A healthy diet is a very important part of controlling diabetes. But many peoplewith diabetes need help in learning how to eat healthier. Thats where the DiabetesFood Pyramid can make a difference.
Heres how the Diabetes Food Pyramidhelps you:
It puts foods into 6 groups. The foodgroups at the top of the pyramid aresmaller. This means you should eat lessof them. The groups at the bottom arelarger. This means you should eat moreof them.
It makes sure that your carbohydrates,or carbs, are balanced among all ofthe food groups. Carbs come from a lot of the foods
you eat. Sugars, starches, and fiberare all carbs. Your body breaks downcarbs and uses them for energy. Goodcarbs come from vegetables, wholegrains, and fruits. Bad carbs comefrom foods near the top of the foodpyramid, such as candy, cookies, and crackers.
If you are not balancing your carbs,your blood sugar may get too high.You have to watch your blood sugar to stay in control of your diabetes.
It also tells you how many servings of each type of food you should haveeach day. For example, you should have 2 to 4
servings of fruit a day. It gives you arange of servings because everyone is different. The number of servingsthat are right for you might bedifferent for someone else. It all depends on your diabetes goals, calorie and nutrition needs, and lifestyle.
The Breads, Grains,and Other StarchesGroup: 6 to 11servings a dayFoods that are made from wheat, rye, andoats are in this group. Starchy vegetableslike potatoes, peas, and corn are also in this group. These foods containcarbohydrates, which your body uses for energy.
Here are examples of serving sizes: 1 slice of bread 1 6-inch tortilla 1/3 cup of rice or pasta 1/4 (1 ounce) of a bagel 3/4 cup of dry cereal 1/2 cup of potatoes, peas, beans, or corn
When youre having grains, choose whole-grain versions. Whole grains are veryhealthy. They contain more fiber, vitamins,and minerals than processed grains. If itsnot whole grain, you risk making yourblood sugar higher.
The Diabetes Food Pyramid:building blocks to diabetes control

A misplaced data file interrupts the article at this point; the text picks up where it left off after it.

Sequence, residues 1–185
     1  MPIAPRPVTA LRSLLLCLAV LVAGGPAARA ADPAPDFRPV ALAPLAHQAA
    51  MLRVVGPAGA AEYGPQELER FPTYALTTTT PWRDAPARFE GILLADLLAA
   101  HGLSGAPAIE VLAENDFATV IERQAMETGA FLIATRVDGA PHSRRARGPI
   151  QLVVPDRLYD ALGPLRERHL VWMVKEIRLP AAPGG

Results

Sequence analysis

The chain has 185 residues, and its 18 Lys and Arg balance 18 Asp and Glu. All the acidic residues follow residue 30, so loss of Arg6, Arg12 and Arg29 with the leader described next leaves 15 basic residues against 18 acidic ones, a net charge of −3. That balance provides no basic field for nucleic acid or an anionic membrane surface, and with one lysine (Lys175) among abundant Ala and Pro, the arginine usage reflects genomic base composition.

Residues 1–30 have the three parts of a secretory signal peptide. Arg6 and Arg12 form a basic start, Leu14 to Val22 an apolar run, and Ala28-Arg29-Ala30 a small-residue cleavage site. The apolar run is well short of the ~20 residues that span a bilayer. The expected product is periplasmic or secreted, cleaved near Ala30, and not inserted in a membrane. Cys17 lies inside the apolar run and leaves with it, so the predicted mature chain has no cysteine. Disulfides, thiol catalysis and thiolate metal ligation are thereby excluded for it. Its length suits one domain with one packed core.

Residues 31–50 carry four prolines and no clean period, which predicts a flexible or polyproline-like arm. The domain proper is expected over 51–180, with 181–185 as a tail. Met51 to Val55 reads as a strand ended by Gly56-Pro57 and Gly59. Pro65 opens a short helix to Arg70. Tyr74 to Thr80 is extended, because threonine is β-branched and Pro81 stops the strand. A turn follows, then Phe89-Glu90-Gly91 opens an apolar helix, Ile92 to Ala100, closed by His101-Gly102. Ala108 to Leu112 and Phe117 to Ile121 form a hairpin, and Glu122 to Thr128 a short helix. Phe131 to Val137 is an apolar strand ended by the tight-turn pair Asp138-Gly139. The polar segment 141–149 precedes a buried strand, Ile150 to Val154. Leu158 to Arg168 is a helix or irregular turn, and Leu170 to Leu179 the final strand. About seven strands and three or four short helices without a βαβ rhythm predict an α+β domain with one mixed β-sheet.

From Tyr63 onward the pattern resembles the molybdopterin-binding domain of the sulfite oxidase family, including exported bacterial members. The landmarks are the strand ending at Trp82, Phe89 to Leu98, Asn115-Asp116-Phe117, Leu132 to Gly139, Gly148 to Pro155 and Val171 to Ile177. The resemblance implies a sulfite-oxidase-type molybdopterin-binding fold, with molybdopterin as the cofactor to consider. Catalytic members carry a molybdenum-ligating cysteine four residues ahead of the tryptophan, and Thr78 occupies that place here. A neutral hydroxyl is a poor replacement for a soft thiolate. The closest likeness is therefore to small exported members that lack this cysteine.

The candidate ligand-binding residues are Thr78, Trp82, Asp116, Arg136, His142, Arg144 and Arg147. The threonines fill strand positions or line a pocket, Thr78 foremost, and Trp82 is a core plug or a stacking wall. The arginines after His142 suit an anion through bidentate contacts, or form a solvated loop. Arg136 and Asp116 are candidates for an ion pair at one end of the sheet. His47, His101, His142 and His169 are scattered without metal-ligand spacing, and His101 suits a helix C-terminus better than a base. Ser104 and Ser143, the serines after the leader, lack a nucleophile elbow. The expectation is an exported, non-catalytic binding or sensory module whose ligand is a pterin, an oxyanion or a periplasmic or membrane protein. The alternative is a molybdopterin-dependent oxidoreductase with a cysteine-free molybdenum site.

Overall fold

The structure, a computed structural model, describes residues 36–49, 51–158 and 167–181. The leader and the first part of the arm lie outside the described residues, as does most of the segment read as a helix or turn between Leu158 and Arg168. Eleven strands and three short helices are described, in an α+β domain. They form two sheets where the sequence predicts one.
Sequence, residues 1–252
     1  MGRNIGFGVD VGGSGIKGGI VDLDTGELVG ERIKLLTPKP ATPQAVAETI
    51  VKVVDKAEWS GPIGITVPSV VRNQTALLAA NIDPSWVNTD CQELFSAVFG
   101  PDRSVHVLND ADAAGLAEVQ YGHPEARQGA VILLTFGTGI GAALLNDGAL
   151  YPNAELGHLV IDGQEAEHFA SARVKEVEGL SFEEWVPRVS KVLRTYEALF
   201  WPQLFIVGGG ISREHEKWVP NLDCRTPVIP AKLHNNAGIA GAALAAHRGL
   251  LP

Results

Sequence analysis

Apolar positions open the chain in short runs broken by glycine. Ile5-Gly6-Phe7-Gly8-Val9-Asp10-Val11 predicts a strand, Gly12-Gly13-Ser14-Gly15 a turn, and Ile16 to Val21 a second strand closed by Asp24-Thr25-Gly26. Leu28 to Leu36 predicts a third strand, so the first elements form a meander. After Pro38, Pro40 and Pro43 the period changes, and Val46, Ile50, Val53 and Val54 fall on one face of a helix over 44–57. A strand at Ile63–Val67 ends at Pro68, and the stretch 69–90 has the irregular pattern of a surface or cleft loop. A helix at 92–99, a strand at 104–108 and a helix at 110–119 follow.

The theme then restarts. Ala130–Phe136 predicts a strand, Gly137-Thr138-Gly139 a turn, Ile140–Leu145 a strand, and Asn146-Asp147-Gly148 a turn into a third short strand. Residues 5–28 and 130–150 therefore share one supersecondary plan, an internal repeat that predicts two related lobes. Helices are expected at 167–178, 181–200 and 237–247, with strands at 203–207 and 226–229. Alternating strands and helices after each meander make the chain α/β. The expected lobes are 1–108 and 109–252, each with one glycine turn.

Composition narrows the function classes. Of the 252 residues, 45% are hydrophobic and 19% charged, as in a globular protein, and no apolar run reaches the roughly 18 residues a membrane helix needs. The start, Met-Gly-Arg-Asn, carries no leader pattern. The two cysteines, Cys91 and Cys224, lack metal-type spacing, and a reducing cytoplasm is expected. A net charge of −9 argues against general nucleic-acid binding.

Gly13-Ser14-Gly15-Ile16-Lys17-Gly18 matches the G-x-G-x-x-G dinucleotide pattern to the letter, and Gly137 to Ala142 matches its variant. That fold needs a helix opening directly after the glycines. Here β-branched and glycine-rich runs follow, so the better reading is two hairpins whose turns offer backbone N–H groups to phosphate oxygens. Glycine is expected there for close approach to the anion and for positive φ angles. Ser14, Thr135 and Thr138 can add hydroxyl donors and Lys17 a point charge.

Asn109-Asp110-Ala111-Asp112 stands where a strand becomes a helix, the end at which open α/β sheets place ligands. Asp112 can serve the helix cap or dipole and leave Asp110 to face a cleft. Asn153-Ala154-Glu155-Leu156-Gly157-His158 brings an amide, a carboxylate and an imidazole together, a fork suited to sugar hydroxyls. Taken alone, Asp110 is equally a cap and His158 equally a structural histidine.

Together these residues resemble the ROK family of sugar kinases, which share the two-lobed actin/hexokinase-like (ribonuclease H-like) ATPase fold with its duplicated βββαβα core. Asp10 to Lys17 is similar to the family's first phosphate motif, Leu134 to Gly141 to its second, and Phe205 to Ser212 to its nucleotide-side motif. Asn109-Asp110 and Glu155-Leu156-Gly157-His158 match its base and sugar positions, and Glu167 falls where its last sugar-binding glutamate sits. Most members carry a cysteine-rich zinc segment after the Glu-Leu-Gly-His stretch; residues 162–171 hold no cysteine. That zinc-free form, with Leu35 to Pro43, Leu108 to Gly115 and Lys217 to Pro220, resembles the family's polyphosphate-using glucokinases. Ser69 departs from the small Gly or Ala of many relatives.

F O O D P Y R A M I D
Following thesuggestions of the
is a good way tomake sure your diet is healthy.
Talk to yourhealthcare provideror dietitian aboutplanning a diet that is right for you.
Diabetes Food Pyramid
Fats, Oils, and Sweets Meat,Meat Substitutes,
Breads, Grains, and Other Starches
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Eating the right
foods, and the
of food, can help
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The Diabetes Food Pyramid: building blocks to diabetes control
The VegetablesGroup: 3 to 5 servingsa day
Vegetables are low in fat and calories.They supply your body with vitamins,minerals, and fiber.
Here are examples of foods in this group: Lettuce Carrots Tomatoes Cucumbers Broccoli
A serving size is either 1 cup of rawvegetables or 1/2 cup of cooked vegetables.
The Fruits Group:2 to 4 servings a day
Fruits contain carbohydrates and areloaded with vitamins, minerals, and fiber.
Here are examples of foods in this group: Apples Strawberries Grapes Watermelon Oranges
Servings in this group include: 1/2 cup of canned fruit 1 small piece of whole fruit,
like an apple or an orange 1 cup of melon 11/4 cups of whole strawberries
The Milk Group:2 to 3 servings a day
Milk products supply you with protein,calcium, and vitamins. Its a good idea tokeep your milk group choices fat free orlow fat.
Servings in this group include: 1 cup of fat-free (skim)
or low-fat (1%) milk 1 cup of yogurt
The Meat, MeatSubstitutes, and OtherProteins Group:4 to 6 ounces a day
This group is important because it gives you the protein you need to stay healthy. You should choose lean meats and low-fatproteins and keep the portions small.
Here are examples of foods in this group: Beef Eggs Chicken Dried beans Turkey Cheese Fish Tofu
The Fats, Oils, andSweets Group
This group includes foods like potatochips, candy, cookies, cake, and oils.These types of foods contain a lot of fat or sugar. If you eat any of these foods,keep the serving size small.
Servings in this group include: 1/2 cup of ice cream 1 small muffin or cupcake 2 small cookies 4-ounce glass of wine